Prime Minister Benjamin Netanyahu vowed Thursday morning to fulfill his promise to establish a new West Bank settlement for families evicted from Amona, an outpost razed last month after the High Court of Justice ruled it had been built illegally on private Palestinian land.

The cabinet is scheduled to vote on authorizing the new community on Thursday evening.

“I promised from the beginning that we would build a new settlement,” Netanyahu told reporters during at a joint press conference with visiting Slovak President Andre Kiska in the Prime Minister’s Office in Jerusalem. “I think I first made that commitment in December, and today we’re fulfilling it. In another few hours you will know all the details.”

The settlement would be the first new one in some 25 years. While Israel stopped establishing new settlements in the early 1990s, outposts set up since then have been given retroactive approval, and existing settlements have expanded their footprints, sometimes being neighborhoods of existing settlements in name only.

The move would appear to fly in the face of US President Donald Trump’s demand of Netanyahu, at their joint press conference last month, that Israel “hold back” on West Bank settlement construction, and despite the failure of several efforts since then to formulate a coordinated Israeli-US position on settlements.

According to a Channel 2 report, the prime minister is seeking his ministers’ approval for the new settlement, despite not having an agreement with Trump, because he is under considerable pressure from them to honor his obligation to build a new settlement.

Netanyahu will deliver his first report in three weeks to the security cabinet on the progress of talks with the US Trump administration about limiting West Bank settlement construction, the report said.

Israeli settlers scuffle with security forces at the Amona outpost during an evacuation operation on February 1, 2017. (AFP/Jack GUEZ)

Israeli settlers scuffle with security forces at the Amona outpost during an evacuation operation on February 1, 2017. (AFP/Jack Guez)

At a press conference following their first summit in Washington last month, Trump told Netanyahu, “I’d like you to hold back on settlements for a little bit.”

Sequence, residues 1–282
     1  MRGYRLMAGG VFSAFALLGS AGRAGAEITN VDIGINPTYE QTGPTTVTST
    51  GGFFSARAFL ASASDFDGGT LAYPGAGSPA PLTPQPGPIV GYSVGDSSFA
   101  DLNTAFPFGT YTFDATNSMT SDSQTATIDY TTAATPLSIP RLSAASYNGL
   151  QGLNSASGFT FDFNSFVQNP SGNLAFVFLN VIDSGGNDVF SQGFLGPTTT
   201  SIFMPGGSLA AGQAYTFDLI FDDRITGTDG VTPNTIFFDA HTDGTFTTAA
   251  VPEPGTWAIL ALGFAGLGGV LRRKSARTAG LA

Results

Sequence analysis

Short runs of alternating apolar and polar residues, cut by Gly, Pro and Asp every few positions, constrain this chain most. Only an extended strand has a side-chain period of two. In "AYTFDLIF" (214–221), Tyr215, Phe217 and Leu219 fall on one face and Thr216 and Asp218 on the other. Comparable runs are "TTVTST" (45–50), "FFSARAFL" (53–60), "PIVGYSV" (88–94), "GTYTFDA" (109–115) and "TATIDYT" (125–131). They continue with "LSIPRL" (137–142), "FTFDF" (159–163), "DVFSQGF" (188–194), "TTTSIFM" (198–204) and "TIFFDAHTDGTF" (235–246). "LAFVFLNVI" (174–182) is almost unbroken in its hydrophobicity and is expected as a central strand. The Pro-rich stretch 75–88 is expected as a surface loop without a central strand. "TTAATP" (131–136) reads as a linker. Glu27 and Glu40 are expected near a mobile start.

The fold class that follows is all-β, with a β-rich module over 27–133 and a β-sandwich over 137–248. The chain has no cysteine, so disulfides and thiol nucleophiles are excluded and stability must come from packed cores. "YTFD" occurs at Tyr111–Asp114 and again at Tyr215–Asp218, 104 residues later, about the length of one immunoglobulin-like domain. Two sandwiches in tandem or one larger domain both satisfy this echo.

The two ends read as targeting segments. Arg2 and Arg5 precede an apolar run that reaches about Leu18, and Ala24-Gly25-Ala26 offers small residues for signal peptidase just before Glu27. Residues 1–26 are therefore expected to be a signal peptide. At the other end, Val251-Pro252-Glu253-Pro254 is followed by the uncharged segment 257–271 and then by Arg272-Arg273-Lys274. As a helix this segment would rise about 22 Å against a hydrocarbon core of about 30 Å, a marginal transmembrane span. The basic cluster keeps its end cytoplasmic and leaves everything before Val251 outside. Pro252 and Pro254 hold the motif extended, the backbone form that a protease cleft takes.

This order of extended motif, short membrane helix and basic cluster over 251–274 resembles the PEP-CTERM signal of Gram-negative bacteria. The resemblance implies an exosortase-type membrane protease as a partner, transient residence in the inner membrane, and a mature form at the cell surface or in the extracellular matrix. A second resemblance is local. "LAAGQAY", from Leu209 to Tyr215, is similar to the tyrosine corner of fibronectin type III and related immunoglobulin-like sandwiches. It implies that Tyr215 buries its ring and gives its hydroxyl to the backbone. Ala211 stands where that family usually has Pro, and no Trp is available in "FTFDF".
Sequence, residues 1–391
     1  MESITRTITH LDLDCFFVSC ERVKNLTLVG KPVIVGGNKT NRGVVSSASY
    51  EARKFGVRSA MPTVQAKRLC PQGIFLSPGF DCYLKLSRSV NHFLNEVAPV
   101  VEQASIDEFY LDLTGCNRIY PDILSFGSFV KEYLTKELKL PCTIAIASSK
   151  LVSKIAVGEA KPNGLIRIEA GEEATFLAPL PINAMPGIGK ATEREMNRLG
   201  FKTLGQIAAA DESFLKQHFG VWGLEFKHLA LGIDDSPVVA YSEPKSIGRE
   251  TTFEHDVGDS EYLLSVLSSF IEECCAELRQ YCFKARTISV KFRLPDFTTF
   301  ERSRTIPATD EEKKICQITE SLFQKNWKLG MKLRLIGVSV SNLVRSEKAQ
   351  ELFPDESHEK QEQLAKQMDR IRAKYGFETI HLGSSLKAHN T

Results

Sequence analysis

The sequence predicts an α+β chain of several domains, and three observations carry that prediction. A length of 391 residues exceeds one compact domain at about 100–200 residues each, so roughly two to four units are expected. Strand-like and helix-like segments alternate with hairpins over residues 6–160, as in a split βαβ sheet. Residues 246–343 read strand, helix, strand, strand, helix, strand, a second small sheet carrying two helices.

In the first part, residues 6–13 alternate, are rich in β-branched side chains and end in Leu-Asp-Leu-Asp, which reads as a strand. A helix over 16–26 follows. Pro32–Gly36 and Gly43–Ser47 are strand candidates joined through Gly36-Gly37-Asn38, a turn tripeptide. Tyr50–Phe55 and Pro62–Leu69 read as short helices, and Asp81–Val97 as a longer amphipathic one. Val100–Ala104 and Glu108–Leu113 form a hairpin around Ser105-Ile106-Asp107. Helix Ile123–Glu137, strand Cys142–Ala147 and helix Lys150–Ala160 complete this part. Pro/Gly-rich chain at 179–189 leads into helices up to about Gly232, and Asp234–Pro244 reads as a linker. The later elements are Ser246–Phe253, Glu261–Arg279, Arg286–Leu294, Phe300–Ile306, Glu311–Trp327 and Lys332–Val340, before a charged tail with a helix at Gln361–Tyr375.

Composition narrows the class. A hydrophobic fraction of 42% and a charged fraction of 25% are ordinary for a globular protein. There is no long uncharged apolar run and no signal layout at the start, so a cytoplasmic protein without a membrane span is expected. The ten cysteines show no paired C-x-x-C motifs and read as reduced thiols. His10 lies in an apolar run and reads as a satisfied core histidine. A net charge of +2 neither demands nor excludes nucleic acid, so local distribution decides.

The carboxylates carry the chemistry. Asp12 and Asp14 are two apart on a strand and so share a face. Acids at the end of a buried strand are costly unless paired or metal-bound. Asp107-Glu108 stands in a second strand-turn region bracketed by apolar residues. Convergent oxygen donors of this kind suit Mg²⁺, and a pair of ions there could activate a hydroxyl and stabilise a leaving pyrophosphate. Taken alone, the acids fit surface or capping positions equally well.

But despite several rounds of discussions, no agreement has yet been reached.

US President Donald Trump and Israeli Prime Minister Benjamin Netanyahu shake hands during a joint press conference at the White House in Washington, DC on February 15, 2017. (Saul Loeb/AFP)

US President Donald Trump and Israeli Prime Minister Benjamin Netanyahu shake hands during a joint press conference at the White House in Washington, DC on February 15, 2017. (Saul Loeb/AFP)

An unnamed senior Israeli official told the Haaretz newspaper that one of the main gaps that still existed between Israel and the US concerned building of the new settlement for Amona evacuees.

Netanyahu promised the evacuees that he would build a new settlement for them and that the process would begin by the end of March. He has repeated the pledge several times in recent weeks.

To date, Netanyahu has only involved close confidants in the talks with the US, including Defense Minister Avigdor Liberman, who is responsible for the bodies that plan and build in the West Bank.

A series of meetings in Washington on the issue last week followed Trump’s special envoy for international negotiations Jason Greenblatt’s trip to the region, in which he met with both Netanyahu and Palestinian Authority President Mahmoud Abbas to try and jumpstart peace talks.

In those talks in Jerusalem, Greenblatt reportedly demanded that Israel halt all construction in isolated West Bank settlements and put curbs on new building inside the major settlement blocs, but Netanyahu was said to have rejected the idea. An official in the Prime Minister’s Office denied that any such terms had been advanced by Greenblatt.

US Middle East envoy Jason Greenblatt meets Palestinian Authority President Mahmoud Abbas on the sidelines of the Arab League Summit in Amman, March 28, 2017 ( Wafa / Thair Ghnaim)

US Middle East envoy Jason Greenblatt meets Palestinian Authority President Mahmoud Abbas on the sidelines of the Arab League Summit in Amman, March 28, 2017 (Wafa/Thair Ghnaim)

Greenblatt on Wednesday wrapped up his attendance at the Arab League summit in Jordan, where he met with several Arab foreign ministers. “In his meetings, Mr. Greenblatt focused on how tangible progress could be made toward advancing Middle East peace, including a comprehensive agreement between Israelis and Palestinians,” a readout by the US Embassy in Amman read. “He reaffirmed President Trump’s personal interest in achieving a peace deal between Israel and the Palestinians and his belief that such a peace agreement is not only possible, but would reverberate positively throughout the region and the world.”

On Wednesday evening, Greenblatt arrived in Jerusalem for a very brief personal visit, during which he met the leader of a prominent ultra-Orthodox Talmud academy, but did not meet any Israeli officials.

On Tuesday, Greenblatt met with Abbas, who is due in Washington in April at the invitation of Trump.

Netanyahu will also brief ministers on Trump’s reported intention to try to launch a new Israeli-Palestinian peace effort soon, the TV report said Wednesday.

Times of Israel staff contributed to this report.